This is the 20th book in the Marcus Didius Falco series. See the review for Alexandria for details. This books opens with the birth of Helena and Falco’s third child, a son, who dies at birth. On the same day, Falco’s father, an auctioneer and scoundrel, dies, leaving Falco, as the surviving son, a large inheritance and business interests. Falco, who is conflicted about owing slaves, now inherits a houseful of slaves. After the funeral for both Falco’s son and father, Falco gets involved with a series of murders in a swampy area of Italy. The speculation is that the family behind the murders (who are freed Imperial slaves) is being protected by the palace but no one knows who the protector is. Falco is determined to get to the bottom of the murders. This book has more violence than some other books. Anacrites, Falco’s arch-enemy and the “Chief Spy” for the emperor, returns to block Falco’s investigations. Flavia Albia, Falco’s adopted daughter, from Britain, becomes involved in the investigation and decides to become an informer, thus setting the stage for a series beginning with The Ides of April.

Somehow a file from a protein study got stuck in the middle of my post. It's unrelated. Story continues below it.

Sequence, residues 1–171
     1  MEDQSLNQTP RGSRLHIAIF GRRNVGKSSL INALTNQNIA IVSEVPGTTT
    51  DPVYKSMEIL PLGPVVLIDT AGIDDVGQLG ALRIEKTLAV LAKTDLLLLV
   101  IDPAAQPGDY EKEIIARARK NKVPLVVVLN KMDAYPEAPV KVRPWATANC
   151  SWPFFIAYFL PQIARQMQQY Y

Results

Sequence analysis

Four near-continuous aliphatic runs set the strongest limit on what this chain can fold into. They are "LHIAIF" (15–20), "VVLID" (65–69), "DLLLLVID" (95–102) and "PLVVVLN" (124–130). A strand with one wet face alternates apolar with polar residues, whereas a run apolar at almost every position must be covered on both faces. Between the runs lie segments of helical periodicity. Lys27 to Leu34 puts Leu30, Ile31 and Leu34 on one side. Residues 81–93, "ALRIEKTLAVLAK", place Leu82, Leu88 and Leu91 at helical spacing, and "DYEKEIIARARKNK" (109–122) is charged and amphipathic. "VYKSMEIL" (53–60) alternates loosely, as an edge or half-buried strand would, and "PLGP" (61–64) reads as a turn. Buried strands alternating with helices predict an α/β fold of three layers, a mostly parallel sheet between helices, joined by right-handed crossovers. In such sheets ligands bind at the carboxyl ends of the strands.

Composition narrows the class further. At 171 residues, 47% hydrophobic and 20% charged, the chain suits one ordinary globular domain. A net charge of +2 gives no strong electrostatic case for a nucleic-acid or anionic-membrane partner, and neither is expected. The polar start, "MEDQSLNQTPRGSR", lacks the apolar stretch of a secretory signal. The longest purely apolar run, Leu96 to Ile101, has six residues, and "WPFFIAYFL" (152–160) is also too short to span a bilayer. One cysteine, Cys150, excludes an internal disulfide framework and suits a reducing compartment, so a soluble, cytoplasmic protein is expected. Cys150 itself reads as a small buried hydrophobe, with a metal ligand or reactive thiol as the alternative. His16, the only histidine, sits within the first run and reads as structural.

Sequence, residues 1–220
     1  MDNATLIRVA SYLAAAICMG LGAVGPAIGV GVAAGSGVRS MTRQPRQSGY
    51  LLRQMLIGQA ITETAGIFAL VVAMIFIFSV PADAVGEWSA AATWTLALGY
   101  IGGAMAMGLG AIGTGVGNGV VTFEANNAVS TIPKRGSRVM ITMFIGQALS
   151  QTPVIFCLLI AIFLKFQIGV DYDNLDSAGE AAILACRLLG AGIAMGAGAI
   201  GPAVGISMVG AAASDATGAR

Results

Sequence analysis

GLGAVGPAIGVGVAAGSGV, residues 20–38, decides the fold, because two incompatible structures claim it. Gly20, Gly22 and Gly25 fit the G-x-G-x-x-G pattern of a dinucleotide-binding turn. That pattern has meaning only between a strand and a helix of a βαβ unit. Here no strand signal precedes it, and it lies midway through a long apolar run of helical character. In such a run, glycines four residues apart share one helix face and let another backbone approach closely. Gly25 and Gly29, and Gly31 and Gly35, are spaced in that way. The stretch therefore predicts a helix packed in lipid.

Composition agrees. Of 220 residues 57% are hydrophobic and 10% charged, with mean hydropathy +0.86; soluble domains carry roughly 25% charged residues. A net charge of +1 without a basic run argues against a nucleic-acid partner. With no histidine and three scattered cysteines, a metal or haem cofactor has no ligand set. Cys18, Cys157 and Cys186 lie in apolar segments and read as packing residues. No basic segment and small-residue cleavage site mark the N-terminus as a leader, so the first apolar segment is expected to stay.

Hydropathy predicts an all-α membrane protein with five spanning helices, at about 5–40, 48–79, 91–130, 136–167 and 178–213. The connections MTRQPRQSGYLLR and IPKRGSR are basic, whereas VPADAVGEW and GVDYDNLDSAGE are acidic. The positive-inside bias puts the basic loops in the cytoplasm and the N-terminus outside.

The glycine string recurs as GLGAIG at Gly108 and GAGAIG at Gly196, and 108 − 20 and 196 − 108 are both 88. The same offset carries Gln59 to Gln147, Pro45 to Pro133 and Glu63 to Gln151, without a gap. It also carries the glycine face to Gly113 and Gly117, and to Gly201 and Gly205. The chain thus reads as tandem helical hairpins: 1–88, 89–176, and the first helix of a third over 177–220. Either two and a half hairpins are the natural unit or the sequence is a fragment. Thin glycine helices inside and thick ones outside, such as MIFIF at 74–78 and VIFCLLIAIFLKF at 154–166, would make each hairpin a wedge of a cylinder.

Review Submitted by: Rosalind Woolbright
Rating: Highly Recommended